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article imageIntel's building a depth-sensing camera add-on for the HTC Vive

By James Walker     Aug 5, 2016 in Technology
Intel has revealed it's building a depth-sensing camera add-on for the HTC Vive virtual reality headset. The camera will enable the headset to track hand movement and detect physical obstacles, preventing the wearer from running into them while in VR.
The accessory was revealed early by Dimitri Diakopoulos, a senior prototyping engineer at Intel. He posted an image of the device to Twitter, confirming it to be a depth-sensing camera. The tweet has since been deleted.
The camera attaches to the front of the Vive. It's a small vertical bar that rises slightly above the height of the headset. It has a symmetrical design equipped with six tracking sensors, three per side. They are able to scan the area immediately in front of the wearer for obstacles or trackable controllers.
Diakopoulos told Upload VR that the device is designed with two purposes in mind. It can be used to track hand movements, allowing the Vive to work with third party motion controllers. It can also scan the area in front of the headset in real-time, automatically detecting obstacles to prevent you falling over or tripping while playing VR games.
To some extent, the Vive already comes with these features. It has an outward-facing camera and can highlight nearby objects when you get close to them. With a depth-sensing camera, a 3D visualisation of your sofa could be displayed in the headset as you approach it though, enabling you to take action and walk around it.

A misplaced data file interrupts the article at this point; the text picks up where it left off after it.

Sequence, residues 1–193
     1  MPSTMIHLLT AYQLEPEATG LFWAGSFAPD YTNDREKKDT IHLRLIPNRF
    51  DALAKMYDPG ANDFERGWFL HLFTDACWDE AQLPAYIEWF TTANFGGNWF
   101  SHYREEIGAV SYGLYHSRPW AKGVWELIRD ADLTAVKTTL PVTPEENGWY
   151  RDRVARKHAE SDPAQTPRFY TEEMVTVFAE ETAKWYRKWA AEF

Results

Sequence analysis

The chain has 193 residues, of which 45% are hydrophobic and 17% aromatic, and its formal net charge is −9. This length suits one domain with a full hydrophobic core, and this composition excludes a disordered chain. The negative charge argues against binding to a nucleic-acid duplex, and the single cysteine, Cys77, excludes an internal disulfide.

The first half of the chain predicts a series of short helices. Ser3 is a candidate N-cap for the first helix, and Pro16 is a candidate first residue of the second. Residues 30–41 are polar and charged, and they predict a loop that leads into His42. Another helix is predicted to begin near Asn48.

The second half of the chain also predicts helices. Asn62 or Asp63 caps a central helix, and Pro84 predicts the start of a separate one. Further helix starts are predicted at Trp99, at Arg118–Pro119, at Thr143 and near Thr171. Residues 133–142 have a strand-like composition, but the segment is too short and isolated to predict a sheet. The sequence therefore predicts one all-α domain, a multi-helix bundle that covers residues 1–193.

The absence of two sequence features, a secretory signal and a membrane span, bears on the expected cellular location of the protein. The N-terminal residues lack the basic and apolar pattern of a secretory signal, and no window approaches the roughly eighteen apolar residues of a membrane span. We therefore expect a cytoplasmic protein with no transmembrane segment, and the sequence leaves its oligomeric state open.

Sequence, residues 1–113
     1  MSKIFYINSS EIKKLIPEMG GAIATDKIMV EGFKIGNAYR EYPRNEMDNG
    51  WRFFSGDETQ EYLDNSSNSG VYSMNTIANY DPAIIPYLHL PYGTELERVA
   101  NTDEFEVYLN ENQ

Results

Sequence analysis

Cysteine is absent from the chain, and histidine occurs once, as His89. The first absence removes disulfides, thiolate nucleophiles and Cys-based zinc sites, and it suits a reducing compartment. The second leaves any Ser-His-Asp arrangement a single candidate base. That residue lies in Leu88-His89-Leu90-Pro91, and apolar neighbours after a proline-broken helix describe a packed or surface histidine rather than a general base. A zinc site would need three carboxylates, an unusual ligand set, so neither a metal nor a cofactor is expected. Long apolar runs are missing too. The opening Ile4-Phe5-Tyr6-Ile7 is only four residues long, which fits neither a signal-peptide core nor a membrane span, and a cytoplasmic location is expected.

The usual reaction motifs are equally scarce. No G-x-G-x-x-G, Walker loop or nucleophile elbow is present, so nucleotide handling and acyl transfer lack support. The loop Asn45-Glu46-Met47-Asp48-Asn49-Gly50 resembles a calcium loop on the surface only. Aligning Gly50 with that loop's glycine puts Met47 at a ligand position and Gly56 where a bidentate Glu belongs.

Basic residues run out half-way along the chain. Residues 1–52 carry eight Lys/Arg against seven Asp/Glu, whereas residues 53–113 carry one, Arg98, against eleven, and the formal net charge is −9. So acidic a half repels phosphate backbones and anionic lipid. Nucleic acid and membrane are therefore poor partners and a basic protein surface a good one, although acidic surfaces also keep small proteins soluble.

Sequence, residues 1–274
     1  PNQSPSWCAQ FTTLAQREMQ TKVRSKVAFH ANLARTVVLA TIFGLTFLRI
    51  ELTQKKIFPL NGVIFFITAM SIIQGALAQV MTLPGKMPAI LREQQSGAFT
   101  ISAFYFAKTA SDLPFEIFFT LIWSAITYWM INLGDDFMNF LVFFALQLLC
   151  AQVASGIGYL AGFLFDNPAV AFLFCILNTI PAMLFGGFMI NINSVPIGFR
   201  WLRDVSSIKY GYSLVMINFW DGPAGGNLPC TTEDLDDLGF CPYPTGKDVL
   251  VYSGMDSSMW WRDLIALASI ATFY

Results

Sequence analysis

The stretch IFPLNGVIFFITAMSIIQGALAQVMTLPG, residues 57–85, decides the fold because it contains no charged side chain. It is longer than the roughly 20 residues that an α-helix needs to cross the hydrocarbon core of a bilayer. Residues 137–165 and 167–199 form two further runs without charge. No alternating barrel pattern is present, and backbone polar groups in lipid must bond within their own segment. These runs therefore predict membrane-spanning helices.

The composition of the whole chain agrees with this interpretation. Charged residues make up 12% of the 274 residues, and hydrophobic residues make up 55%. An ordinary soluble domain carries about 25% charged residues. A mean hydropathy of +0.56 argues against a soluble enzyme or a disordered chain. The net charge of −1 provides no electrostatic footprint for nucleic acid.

Diakopoulos hasn't explained how the device works. It is almost certainly built using Intel's existing RealSense depth-sensing cameras though. These are able to track motion in the same way the human eye does. An HD camera, infrared camera and infrared laser projector combine to enable precise motion tracking on desktop and mobile devices.
"There are three cameras that act like one — a 1080p HD camera, an infrared camera, and an infrared laser projector — they 'see' like the human eye to sense depth and track human motion," Intel explains on the RealSense website. "Intel RealSense technology redefines how we interact with our devices for a more natural, intuitive and immersive experience, supported by the powerful performance of Intel processors."
The HTC Vive is quickly becoming a popular platform to develop virtual reality accessories for. The company is open to third-parties extending the Vive with their own hardware, creating a rich ecosystem of virtual reality hardware and apps. Today, the company announced VIVEPORT, its own virtual reality app store to buy new Vive content directly from the headset.
So far, Intel hasn't developed its own virtual reality headset, instead choosing to work with devices like the HTC Vive. By combining its depth-sensing technology with HTC's expertise in pure VR, the company can create a system that's sophisticated and wide in scope but still accessible to consumers.
Intel will reveal more information about the camera at the Intel Developer Forum in San Francisco from August 16 to 18. Diakopoulos' tweets confirm virtual reality will be a big part of the conference. Intel is expanding into new areas of technology in an attempt to reduce its reliance on the struggling desktop processor market. Virtual reality is one of its major interests, even if it is building on top of the HTC Vive for now.
More about Intel, htc vive, Virtual reality, Vr, headsets
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